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River stages are our most important type of data. River stage data is collected
in one of three ways:
1. Gage Houses
Gage houses are the most common sources of river stage data. Here is a diagram
of a typical gage house:
A gage house consists of a well dug along the riverbank with an instrument
house above it. Water enters the well through one or more inlet pipes.
The water in the well will be at the same level as the river, so the recording
equipment above it actually records the water level in the well. This
data can be either saved at the gage site and queried by telephone, or
can be transmitted via satellite or radio.
2. Wire Weight Gage
This type of gage is usually mounted to the side of a bridge. It consists
of a spool of wire, with a weight attached to the end of the wire. The river
level is measured by lowering the weight until it touches the river surface.
The distance between the bridge and the water is measured, which is then
subtracted from the distace from the bridge to the riverbed. The resulting
number is the river stage.
3. Staff Gage
The third type of gage is by far the simplest. A staff gage is basically
a ruler attached to the river bank, a bridge piling or anything next to
the river. The river level is measured by reading the markings on the gage.
Rainfall amounts are also necessary for river forecasting, since, without
rainfall data, one cannot predict runoff, and therefore, future stages.
There are three general types of rain gages, plus another unusual tool for
1. Weighing Gage
This type of gage consists of an antifreeze-filled collection bucket mounted
on top of a scale. As rain, snow, hail, or any type of precipitation falls
into the collecting bucket, the bucket becomes heavier. The antifreeze is
there to allow the liquid content for frozen precipitation to be measured.
Every few minutes, a recorder attached to the scale records the weight of
the bucket contents. Since the size of the bucket, the weight of antifreeze,
and the density of water are known, a precipitation amount can be measured
from the weight of the bucket.
2. Tipping Bucket
A tipping bucket rain gage consists of a funnel and a rocker mechanism with
two little "buckets" on it, located underneath the funnel. When
rain falls into the funnel, with fills one of the little buckets on the
rocker mechanism. Once a given amount of rain falls into the funnel, usually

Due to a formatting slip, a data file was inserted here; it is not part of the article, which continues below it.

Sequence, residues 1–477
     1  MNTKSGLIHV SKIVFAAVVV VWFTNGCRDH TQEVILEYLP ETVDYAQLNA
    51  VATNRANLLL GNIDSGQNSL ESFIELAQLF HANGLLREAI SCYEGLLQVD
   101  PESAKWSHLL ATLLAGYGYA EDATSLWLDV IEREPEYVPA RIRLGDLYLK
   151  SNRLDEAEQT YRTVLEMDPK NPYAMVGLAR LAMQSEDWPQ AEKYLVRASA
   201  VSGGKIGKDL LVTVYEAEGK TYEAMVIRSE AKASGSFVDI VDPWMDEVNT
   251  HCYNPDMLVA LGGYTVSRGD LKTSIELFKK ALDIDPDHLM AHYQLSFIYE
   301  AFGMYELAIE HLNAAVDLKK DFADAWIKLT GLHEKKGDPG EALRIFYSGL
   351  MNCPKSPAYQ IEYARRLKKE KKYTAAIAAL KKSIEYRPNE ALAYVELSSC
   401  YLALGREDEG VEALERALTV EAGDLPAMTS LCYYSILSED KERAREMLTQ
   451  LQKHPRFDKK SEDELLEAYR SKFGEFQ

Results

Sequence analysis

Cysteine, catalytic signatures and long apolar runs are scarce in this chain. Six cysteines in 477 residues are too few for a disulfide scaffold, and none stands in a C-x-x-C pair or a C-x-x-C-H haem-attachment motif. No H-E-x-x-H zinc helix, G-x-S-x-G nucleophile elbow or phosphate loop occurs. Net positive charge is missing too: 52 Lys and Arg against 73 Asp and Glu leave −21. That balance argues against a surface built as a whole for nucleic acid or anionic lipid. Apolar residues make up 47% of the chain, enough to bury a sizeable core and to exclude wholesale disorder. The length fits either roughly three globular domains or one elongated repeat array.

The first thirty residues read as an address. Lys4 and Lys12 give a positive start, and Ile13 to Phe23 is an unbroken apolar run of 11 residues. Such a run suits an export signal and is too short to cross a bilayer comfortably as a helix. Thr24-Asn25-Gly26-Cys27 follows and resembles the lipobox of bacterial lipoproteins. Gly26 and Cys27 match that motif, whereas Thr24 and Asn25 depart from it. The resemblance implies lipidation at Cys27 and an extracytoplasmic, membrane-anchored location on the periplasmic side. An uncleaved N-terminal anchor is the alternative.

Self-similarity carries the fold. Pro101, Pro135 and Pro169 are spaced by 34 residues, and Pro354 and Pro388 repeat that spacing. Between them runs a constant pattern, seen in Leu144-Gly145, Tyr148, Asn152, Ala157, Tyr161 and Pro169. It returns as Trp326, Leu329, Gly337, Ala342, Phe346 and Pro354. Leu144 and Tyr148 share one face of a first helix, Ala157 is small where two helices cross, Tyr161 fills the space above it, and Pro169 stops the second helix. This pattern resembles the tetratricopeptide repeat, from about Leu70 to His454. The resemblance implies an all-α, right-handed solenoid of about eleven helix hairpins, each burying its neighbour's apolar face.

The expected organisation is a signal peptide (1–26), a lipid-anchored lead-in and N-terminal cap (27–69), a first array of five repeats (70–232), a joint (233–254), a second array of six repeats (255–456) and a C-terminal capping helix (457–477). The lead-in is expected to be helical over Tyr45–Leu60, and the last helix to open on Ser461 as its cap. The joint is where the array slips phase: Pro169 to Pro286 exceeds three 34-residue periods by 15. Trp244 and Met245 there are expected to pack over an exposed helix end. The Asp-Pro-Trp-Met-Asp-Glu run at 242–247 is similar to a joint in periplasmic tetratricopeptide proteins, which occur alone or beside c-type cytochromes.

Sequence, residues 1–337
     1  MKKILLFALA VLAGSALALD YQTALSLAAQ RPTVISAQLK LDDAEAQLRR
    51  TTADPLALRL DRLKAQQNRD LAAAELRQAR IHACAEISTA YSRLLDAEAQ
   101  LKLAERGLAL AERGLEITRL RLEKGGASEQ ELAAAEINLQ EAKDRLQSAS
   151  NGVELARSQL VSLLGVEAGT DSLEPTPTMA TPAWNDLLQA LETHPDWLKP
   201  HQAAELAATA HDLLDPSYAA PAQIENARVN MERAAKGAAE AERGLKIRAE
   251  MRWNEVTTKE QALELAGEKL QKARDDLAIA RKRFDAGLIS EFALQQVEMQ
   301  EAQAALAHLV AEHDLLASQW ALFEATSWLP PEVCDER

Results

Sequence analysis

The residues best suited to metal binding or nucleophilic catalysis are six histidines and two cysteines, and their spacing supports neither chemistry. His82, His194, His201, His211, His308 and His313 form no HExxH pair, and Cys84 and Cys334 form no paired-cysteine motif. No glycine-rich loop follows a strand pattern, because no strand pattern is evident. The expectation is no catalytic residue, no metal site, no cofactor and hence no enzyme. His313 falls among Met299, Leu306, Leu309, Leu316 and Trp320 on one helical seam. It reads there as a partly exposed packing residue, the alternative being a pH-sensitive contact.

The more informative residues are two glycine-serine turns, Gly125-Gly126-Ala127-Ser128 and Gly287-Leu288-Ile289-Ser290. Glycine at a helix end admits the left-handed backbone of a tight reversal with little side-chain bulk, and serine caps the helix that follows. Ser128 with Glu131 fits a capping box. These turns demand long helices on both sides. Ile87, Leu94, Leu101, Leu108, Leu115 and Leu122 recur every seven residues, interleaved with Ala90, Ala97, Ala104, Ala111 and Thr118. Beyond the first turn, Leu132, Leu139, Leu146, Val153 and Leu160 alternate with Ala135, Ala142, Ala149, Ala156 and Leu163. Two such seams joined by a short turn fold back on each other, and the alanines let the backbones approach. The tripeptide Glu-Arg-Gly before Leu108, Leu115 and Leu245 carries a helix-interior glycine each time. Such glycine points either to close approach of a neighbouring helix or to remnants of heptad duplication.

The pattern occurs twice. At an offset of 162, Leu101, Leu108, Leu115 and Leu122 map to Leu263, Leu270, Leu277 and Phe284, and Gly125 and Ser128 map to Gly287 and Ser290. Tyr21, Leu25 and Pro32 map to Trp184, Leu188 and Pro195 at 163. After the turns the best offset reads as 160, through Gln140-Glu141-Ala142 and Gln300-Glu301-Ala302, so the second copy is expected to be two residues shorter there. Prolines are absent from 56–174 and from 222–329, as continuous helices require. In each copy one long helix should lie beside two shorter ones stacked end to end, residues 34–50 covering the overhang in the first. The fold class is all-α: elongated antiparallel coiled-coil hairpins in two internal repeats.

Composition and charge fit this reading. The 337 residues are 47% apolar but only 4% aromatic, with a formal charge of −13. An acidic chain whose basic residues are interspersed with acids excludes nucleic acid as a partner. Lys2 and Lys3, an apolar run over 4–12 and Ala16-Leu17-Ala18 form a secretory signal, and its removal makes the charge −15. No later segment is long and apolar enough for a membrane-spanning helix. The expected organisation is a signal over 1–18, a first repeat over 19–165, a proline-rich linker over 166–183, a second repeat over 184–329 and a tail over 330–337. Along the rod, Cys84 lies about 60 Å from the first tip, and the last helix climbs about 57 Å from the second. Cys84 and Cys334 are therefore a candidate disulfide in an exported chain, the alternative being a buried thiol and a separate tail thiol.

0.01 inches, the rocker "tips" over, emptying one of the buckets
and moving the other one underneath the funnel. A recorder in the gage records
each tip and the time it occurred. The tipping bucket gage has its disadvantages,
however. It cannot be used in freezing weather because the mechanism or
the funnel hole can freeze solid. Sometimes the tipper mechanism doesn't
work or double tips.
3. Standard Rain Gage
A standard rain gage consists of only three parts, a funnel, a can, and
a measuring tube. Rain fall into the funnel and into the measuring tube.
Since the funnel is wider than the measuring tube, the depth of water in
the measuring tube would be greater than if the tube was as wide as the
funnel. This allows rainfall to be measured to the nearest 0.01 inch. When
frozen precipitation is expected, the funnel and measuring tube are removed,
and the precipitation is collected in the can. To measure the liquid equivalent
of the frozen precipitation, the contents of the can are melted and poured
into the measuring tube to be measured.
4. Doppler Radar
That's right, it says Doppler radar. One of the functions of the new Doppler
radar is estimating one, three, and storm total rainfall amounts based on
the intensity of the radar echoes. A program is being tested to take the
radar-derived rainfall amounts and combine this data with rain gage data
and show the resulting rainfall estimations on a map.
Temperature and Sunshine Data
Temperature and sunshine data are useful with both snowmelt and evaporation
estimations used in our river model. Hourly temperature data comes from
official NWS observing sites, usually at airports. Some of these airports
also report total minutes of sunshine observed in the previous day. Volunteer
NWS cooperative observers also report the previous day's maximum and minimum
Next: how we get the data we receive.
Monday, November 17, 2003